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What's hidden in the hidden layers? (1989) [pdf] (cmu.edu)
124 points by sonabinu on Jan 2, 2018 | hide | past | web | favorite | 20 comments

It's from the August 1989 edition of Byte magazine, which has some more articles about neural networks: https://archive.org/stream/byte-magazine-1989-08/1989_08_BYT...

I like how "Doesn't Look Like IBM" was a feature on the clone PC ad on the last page.

It would be interesting to look deeper into IBM's move from "nobody gets fired by buying it" to a poisonous brand.

Back then, IBM was still deep in "nobody gets fired for buying them" territory.

It was just the ad style of the day. The same edition of Byte magazine had an Oracle ad that was full of DBase IV references (copies of negative articles about it, mostly) with only a small Oracle logo somewhere near the end.

Also stuff like https://78.media.tumblr.com/1fb5edc62a27f8f1c8ef07e611ec4281...

Nice. I didn't know they where working on self driving cars back in 1989! There's probably a lot to be learned. Today all the computing power of those racks can probably fit on a respery /nuc. Eg, you do not need a van, you could use an RC!

VaMoRs drove on the Autobahn in '87 [0].

[0] https://www.youtube.com/watch?v=2EH3R6c7Ufg

This looks so much fun and was probably unrivalled and academic spirit.

Take a look at following news and search for the thread started by guicho271828.


You need to look deeper into the ALVINN project (and the projects the preceded and came after it); it was one of the earlier attempts at a CNN-like architecture for self-driving vehicles.

A good start is here:


And yes, that van held a rack-mounted computing system that included a WARP systolic array processor:


...which is very similar to what we have today as a GPU; it was basically a "high-speed" (for its time) vector processing system (in other words, perfect for neural-network processing).

The processor on the vehicle ran the pre-trained model; training the model using similar machines took a really long time (weeks, iirc), even with the small number and sizes of layers they were working with.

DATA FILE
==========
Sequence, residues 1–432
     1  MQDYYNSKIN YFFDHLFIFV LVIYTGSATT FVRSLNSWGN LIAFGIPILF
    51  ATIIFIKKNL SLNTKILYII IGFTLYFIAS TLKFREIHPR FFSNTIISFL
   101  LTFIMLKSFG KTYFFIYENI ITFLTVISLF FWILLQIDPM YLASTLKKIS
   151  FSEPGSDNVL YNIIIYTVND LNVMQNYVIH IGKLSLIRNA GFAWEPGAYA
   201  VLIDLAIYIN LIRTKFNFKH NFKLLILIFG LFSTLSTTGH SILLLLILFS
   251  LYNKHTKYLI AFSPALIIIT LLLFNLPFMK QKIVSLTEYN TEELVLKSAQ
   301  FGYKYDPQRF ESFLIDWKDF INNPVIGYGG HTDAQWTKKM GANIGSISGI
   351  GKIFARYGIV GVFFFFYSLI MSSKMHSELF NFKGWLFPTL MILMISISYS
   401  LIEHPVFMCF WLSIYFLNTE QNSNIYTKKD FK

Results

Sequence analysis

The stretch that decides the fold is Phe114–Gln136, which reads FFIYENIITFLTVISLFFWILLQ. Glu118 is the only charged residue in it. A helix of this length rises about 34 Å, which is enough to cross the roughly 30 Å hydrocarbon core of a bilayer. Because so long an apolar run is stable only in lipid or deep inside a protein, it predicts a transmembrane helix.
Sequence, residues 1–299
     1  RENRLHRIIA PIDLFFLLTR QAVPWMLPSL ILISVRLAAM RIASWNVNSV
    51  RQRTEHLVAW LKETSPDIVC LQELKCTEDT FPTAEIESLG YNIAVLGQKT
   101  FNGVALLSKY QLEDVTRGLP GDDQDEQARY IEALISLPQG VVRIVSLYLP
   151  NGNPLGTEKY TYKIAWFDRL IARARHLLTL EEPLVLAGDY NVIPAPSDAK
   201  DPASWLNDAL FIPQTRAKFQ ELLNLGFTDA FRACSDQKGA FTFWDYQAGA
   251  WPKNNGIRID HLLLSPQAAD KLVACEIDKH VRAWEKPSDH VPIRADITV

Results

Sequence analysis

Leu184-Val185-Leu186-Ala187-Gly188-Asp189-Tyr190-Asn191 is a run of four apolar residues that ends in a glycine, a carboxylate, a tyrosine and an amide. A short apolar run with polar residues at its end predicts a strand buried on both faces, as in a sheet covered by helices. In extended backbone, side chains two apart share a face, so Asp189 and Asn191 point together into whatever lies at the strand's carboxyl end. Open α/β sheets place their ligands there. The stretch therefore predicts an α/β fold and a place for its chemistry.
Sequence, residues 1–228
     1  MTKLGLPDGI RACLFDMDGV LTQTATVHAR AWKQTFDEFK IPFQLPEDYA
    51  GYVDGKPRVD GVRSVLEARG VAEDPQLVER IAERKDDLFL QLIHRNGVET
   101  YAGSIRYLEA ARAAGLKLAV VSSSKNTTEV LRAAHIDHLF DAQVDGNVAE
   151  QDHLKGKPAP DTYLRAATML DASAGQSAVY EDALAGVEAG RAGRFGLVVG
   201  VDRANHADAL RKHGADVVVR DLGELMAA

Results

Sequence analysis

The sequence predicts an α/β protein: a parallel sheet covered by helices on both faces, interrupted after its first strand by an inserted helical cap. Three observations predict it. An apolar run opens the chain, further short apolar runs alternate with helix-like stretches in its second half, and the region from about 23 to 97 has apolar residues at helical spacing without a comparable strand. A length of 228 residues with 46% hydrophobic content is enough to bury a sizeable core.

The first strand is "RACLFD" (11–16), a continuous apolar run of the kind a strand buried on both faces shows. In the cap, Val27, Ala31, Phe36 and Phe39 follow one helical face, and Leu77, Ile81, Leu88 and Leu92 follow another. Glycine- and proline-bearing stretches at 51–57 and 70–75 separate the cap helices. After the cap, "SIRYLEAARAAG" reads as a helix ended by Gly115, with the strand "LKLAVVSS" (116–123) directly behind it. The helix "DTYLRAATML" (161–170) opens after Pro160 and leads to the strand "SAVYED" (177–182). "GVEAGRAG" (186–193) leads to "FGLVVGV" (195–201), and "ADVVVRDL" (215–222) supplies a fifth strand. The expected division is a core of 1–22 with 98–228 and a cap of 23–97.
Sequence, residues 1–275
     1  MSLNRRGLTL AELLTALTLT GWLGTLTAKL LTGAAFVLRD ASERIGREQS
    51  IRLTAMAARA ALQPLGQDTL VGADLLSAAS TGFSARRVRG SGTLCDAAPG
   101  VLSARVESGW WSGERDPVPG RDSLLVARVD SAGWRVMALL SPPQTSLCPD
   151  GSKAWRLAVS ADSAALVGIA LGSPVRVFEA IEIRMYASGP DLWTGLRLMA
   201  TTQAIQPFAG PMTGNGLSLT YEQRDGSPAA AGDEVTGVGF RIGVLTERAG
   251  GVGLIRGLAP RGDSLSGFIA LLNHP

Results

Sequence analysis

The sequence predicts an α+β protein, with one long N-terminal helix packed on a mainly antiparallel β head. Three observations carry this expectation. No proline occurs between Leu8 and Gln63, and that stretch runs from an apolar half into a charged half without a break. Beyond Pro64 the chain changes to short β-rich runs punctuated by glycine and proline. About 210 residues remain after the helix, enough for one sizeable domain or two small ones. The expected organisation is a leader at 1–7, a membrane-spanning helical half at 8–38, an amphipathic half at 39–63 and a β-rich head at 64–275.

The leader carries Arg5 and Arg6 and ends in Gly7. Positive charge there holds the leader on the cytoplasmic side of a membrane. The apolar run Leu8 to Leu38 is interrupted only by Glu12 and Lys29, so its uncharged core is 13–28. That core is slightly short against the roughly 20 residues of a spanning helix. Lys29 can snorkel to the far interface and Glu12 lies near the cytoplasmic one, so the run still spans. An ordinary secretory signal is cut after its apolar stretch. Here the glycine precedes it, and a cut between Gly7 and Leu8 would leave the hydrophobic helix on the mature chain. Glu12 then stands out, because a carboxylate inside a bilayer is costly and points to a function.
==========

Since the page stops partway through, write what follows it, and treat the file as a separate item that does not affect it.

Compare and contrast the ALVINN project (there's a lot of research papers and such on it - video, pictures, etc - dig into it if you are interested) to NVidia's End-to-End CNN self-driving vehicle:


You'll find a lot of parallels (and ALVINN - plus one or two of the other projects, iirc, is mentioned in their paper).

I'm familiar with a lot of this mainly thru my self-study of machine learning and deep learning via a combination of courses from Udacity and (now) Coursera. My first impressions about ALVINN actually came from articles and video about it when I was a kid in the 1980s; I didn't understand how it worked at the time, but I was really impressed and intrigued by it.

In 2011, I took part in (and ultimately completed) Andrew Ng's "ML Class" MOOC (this became one of Coursera's first courses) - and he made mention of ALVINN as a part of the course - and it inspired this guy, who was part of the class, to re-create it:


So you aren't too off-base here; yes, that rack of machinery back in the 1980s has shrunk to pocket-size.

Earlier this year, as part of the course for Udacity's "Self-Driving Car Engineer" Nanodegree program, I implemented (using their simulator) a version of the NVidia End-to-End CNN architecture to drive the simulated car around the simulation track based only on what it learned from my own "driving" in the simulation.

Finally - if you are really interested in this - and want to compete on somewhat of a budget - there's this (among so many other similar competitions out there):


Can anybody explain figure 1?

As far as I can tell, you can't have hidden unit 1 inactive, while hidden unit 2 is active (as shown in Figure 1c)

Also, I can't see how we can make a matrix multiplication that maps

    (0,0) -> 0
    (0,1) -> 0
    (1,0) -> 0
    (1,1) -> 1
without adding a bias term. At least the weights shown in figure 1 are way off.

From the article: "According to optimistic predictions, by the year 2000, neural network technology will account for half the total revenue of the robotics and computer markets[]".

This is an interesting point! We are still only scratching the surface of the possibilities with what this technology can accomplish.

For as yet unknown values of "can".

So was this the first article on how todays AI works?

The research on artifical neural networks started already in the 50ths.

Take a look at this video.


Did you notice the link ends with an _aI suffix? :)

Nope ;-)

But would a neural network have noticed? :)

Only if trained to.


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